The public is invited to discuss St. Simons Island issues at a town hall meeting scheduled for Wednesday.
“It’s going to be the usual quarterly town hall meeting,” said Glynn County Commissioner Peter Murphy.
As with previous town halls, Murphy said the meeting will start out with a presentation by himself and other members of county staff, usually lasting between 30 and 45 minutes. Following that, the floor is opened to questions.
Members of the public are generally allowed two minutes to ask their question, after which Murphy or a more knowledgable county staff member or commissioner responds.
“One of the things we’re obviously going to talk about is where we are on the (Special Purpose Local Option Sales Tax) 2016 projects, specifically the St. Simons Island projects. The ones that are underway or dragging,” Murphy said. “I’ll also talk about the ones that are starting later in the year, particularly the roundabouts on East Beach Causeway and the intersection of Frederica and Kings Way.”
Next on the agenda is an update on a proposed partnership with Host Compliance, a California-based consultant agency specializing in helping counties establish and enforce short-term rental regulations.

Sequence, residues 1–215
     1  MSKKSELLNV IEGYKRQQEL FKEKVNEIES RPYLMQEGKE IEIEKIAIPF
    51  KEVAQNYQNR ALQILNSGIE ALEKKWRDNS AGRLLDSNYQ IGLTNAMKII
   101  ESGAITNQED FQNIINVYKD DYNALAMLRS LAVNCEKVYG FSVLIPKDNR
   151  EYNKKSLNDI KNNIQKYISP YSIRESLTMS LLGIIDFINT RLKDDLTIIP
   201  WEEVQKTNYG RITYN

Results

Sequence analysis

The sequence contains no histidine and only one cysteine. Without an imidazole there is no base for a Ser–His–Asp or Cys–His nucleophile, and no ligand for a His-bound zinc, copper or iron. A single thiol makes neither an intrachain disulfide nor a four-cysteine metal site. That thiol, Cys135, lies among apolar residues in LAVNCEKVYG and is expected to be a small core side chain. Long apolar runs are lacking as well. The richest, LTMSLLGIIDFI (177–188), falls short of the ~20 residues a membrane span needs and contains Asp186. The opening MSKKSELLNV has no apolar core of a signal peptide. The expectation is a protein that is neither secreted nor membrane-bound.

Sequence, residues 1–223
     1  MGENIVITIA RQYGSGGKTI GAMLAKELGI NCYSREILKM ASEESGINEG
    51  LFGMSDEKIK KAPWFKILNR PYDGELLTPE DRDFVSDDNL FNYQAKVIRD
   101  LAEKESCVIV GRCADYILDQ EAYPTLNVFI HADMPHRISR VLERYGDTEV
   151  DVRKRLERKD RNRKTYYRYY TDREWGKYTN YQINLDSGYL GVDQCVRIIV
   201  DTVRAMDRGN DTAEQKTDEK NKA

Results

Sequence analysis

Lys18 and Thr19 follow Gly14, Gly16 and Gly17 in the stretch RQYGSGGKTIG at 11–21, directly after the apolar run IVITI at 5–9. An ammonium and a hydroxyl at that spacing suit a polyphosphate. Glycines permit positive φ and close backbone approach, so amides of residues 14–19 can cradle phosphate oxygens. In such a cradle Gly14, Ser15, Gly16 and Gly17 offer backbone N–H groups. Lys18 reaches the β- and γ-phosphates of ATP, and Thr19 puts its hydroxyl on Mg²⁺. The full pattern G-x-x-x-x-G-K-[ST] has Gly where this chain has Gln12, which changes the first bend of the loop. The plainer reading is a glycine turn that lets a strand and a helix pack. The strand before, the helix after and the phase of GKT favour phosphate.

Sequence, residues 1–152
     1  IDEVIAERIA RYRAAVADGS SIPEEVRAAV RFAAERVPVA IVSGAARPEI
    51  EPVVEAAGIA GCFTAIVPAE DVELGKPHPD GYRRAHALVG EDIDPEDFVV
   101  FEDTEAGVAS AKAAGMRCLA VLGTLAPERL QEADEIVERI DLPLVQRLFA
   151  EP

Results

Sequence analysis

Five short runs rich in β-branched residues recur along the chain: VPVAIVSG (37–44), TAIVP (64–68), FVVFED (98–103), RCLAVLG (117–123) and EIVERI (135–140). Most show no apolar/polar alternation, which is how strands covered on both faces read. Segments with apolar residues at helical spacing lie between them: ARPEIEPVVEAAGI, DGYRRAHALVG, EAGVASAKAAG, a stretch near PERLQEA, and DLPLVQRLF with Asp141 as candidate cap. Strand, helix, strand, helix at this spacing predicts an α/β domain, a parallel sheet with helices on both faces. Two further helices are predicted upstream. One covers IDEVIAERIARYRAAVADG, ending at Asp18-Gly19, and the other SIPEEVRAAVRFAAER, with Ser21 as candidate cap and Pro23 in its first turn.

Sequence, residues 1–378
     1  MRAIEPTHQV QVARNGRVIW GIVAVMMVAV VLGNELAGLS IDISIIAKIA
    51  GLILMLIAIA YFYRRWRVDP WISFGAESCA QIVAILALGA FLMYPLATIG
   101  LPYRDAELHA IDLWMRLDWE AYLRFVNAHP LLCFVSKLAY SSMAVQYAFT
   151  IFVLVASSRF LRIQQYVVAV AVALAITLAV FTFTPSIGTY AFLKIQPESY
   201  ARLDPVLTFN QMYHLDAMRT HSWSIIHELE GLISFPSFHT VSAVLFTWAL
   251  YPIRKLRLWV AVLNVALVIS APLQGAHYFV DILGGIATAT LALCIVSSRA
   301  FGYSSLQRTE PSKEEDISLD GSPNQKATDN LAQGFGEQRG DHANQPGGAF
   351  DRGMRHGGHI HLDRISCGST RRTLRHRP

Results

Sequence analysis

“And then I want to talk about the short-term rental situation,” Murphy said. “We’re getting close to contracting with Host Compliance.
The county commission met with representatives from Host Compliance via teleconference last month. No final decisions were made, but the commission asked County Attorney Aaron Mumford to talk with other counties and cities who work with the consultant and to negotiate a contract for Glynn County.
“We’ll also talk about the golf cart ordinance, we’re getting ready to bring those to the commission,” Murphy said.
Murphy first presented the idea to the public at a quarterly town hall meeting in September.
Commissioners have discussed it at work sessions, but proposed regulations have yet to come before the county commission for a vote.
He said at the last town hall meeting in January that county ordinance falls below state golf cart safety regulations, which are already difficult for police to enforce. County regulations would likely only apply to St. Simons Island, he said.
Finally, he said he hopes to have time to bring up plans to preserve two historic live oak trees in Neptune Park and potential SPLOST 2020 projects.
“I do think it’s important people realize the financial predicament we’re in if we don’t move forward with SPLOST 2020,” Murphy said.
At around 7:10 p.m. he said he’ll wrap up the question and answer session and the county will host a screening of the documentary “St. Simons Island: Surviving Success,” produced by filmmakers Lance Lipman and George Crain, both St. Simons residents.
“It’s a very professionally done film pertaining to the difficulties on St. Simons Island, the assets, the beauty, and managing our success,” Murphy said. “It is really well-done.”
The town hall meeting is scheduled for 6 p.m. Wednesday in Sea Palms Resort’s grand ballroom, 515 N Windward Drive on St. Simons Island.